In South Africa, Germany is part of the Just Energy Transition Partnership, which aims to help the country’s own coal exit and serve as a pilot project for other African countries. The new partnership aims to provide additional funding for technological innovations, including green hydrogen, for South Africa, the German environment ministry (BMU) said on Tuesday, 2 November. A total of 8.5 billion US dollars is earmarked over the next five years, a large part of which will be in the form of loans. Germany is contributing just under 700 million euros to this. A successful coal phase-out in South Africa has the potential to become a blueprint for other regions, environment minister Svenja Schulze said in a press release. Key elements that Germany will support are cushioning the social and environmental impacts of structural change in the mining regions and improving the framework conditions for private investors to expand renewable energies.

Activists unhappy with focus on CO2 pricing

Climate protection advocates panned Merkel’s speech and, in particular, the emphasis on CO2 pricing, saying it epitomised her government’s lack of action on reducing the use of fossil fuels during her 16 years in office.

“Angela Merkel's last major UN speech as chancellor underscores why Germany needs a fundamentally new climate policy,” said Greenpeace Germany climate expert Lisa Göldner. “With the CO2 price, the chancellor puts an instrument at the centre of her speech, with which the climate crisis cannot be resolved. The really necessary steps were not mentioned with a single word: the expansion of renewables and the phase-out of climate-damaging energy sources, such as coal, oil and gas - steps that her government deliberately delayed.”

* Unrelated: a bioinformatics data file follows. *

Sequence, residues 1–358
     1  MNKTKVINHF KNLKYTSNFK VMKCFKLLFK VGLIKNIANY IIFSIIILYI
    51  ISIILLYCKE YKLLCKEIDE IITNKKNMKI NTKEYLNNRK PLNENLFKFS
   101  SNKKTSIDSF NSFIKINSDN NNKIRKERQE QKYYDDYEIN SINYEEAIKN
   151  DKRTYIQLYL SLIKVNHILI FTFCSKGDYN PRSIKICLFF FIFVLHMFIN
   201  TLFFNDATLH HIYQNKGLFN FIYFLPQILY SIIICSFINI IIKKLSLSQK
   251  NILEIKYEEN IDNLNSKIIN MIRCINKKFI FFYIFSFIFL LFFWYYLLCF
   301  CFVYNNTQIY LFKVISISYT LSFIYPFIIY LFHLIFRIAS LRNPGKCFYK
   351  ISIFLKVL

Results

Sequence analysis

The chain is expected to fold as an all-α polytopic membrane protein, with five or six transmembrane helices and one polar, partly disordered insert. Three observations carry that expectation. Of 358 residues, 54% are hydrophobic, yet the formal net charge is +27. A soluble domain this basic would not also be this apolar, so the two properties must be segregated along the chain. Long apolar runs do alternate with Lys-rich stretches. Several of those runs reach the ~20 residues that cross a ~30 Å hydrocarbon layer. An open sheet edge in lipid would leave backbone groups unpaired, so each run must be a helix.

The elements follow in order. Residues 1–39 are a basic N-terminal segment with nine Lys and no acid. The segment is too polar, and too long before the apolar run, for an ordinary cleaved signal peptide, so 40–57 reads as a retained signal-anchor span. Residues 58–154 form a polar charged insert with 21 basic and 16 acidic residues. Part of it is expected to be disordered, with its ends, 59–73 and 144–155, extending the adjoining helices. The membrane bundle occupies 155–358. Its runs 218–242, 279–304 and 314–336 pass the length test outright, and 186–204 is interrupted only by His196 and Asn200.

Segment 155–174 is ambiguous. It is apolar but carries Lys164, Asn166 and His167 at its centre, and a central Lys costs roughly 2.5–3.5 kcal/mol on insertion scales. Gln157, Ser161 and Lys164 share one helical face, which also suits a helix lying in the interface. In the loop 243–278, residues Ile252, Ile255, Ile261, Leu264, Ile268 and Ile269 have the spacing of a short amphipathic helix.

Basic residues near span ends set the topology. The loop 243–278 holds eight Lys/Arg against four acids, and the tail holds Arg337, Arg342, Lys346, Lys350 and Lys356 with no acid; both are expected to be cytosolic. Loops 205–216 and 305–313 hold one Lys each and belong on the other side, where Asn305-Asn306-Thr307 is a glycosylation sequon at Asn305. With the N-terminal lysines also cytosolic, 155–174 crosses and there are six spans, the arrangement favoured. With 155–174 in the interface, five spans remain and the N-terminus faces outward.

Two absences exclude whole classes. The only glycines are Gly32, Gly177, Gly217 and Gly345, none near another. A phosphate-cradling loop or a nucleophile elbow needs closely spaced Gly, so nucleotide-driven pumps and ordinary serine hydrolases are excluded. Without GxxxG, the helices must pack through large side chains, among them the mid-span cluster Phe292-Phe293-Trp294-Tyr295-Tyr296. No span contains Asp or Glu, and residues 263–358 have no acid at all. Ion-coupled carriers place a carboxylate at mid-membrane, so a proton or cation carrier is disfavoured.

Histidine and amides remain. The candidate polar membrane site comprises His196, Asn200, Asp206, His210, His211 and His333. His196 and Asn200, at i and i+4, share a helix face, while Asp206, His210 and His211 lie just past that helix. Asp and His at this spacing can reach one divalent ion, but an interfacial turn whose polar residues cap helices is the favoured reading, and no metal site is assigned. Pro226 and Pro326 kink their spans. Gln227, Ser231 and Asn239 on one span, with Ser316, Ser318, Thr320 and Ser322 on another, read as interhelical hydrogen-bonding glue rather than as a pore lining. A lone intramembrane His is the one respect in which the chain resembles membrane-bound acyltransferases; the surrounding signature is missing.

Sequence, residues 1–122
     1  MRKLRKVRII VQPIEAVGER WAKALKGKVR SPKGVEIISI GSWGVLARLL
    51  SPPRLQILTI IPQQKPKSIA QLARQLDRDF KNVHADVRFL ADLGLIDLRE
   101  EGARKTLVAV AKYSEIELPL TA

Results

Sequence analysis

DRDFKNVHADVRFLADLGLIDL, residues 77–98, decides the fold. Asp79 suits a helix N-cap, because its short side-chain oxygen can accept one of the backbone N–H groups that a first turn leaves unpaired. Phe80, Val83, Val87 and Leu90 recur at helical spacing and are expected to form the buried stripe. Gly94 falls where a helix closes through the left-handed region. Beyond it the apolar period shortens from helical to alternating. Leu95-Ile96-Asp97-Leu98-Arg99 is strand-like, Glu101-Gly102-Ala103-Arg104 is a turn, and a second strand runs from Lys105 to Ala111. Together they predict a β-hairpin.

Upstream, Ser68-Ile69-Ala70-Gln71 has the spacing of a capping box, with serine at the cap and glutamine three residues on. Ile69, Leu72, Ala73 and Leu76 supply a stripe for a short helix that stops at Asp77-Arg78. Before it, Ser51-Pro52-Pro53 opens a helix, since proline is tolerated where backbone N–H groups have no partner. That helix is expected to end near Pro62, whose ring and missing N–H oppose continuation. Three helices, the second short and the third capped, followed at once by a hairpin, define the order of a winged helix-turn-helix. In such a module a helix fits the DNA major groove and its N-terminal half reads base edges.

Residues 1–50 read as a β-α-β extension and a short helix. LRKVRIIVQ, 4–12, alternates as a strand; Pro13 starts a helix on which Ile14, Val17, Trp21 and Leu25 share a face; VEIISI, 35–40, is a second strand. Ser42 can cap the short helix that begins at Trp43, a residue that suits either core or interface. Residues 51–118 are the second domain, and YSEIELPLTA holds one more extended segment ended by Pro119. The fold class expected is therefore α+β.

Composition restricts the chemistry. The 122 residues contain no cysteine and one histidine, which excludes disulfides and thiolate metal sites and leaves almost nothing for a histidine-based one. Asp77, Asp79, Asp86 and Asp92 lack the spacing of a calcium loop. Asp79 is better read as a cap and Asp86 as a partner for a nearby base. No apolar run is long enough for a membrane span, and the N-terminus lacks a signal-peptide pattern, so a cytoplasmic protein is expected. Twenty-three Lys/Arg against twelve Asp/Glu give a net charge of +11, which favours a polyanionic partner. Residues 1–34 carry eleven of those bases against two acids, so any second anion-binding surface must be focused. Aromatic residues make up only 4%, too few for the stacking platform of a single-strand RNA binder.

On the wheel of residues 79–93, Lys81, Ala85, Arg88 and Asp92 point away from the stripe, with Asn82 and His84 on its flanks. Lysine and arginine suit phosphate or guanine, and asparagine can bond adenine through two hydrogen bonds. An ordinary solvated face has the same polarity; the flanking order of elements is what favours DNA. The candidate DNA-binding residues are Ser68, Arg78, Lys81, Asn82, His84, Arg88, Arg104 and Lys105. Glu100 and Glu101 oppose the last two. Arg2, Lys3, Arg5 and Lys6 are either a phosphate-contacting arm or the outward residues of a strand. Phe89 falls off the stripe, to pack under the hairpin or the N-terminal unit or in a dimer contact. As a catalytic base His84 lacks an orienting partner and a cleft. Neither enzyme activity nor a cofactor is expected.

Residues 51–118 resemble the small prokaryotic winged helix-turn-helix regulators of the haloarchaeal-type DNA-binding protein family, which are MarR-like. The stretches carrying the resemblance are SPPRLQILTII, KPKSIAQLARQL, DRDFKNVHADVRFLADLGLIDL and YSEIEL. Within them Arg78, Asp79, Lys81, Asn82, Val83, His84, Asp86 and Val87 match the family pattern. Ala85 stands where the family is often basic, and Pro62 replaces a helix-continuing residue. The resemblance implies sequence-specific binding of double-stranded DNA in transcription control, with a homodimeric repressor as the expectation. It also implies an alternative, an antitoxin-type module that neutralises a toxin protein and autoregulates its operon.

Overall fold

NGO Germanwatch noted that Merkel’s final speech on the world stage increased the pressure on the incoming German government to succeed in terms of climate policy. "It is an irony of history that after 16 years of slow progress she is now placing such a clear call for action in front of the next government," said Germanwatch policy director Christoph Bals.

Once touted as the “climate chancellor”, Germany’s outgoing head of government held her last speech as chancellor at an international climate conference. Her climate leadership over her 16 years in office is now seen by many as middling. International observers commend her steadfast leadership in negotiations with other leaders, while critics speak of a “lost decade for climate action” at home. At COP26, Merkel’s role was that of a voice of ambition as she took to the stage early on in the negotiation process with other heads of state and government on 1-2 November at the World Leader’s Summit.

The 2020s are a critical decade for quick and ambitious climate action to keep alive the prospect of limiting global temperature rise to 1.5°C at most. The latest UN Environment Programme (UNEP) Emissions Gap Report found that current greenhouse gas emission reduction plans for 2030 by countries across the world fall well short of what would be necessary to meet the goal. The planet is on track for a temperature rise this century of at least 2.7°C, according to the report.

Some observers have said the German chancellor comes to Glasgow as a lame duck. She announced in 2018 that she would not seek re-election, and her party lost in the September national vote. Merkel’s official term ended with the inaugural meeting of the parliament on 26 October, but the government was asked by the German president to continue to carry out the official duties until a new administration is sworn in. German state secretary Jochen Flasbarth has insisted that “Germany is not in a lame duck situation” at the COP. The domestic climate policy differences between the key parties “vanish at the international level”, because they are not relevant, he said. The basic consensus on climate action within Germany has always been sufficient to make Germany a driver at international climate talks, said Flasbarth.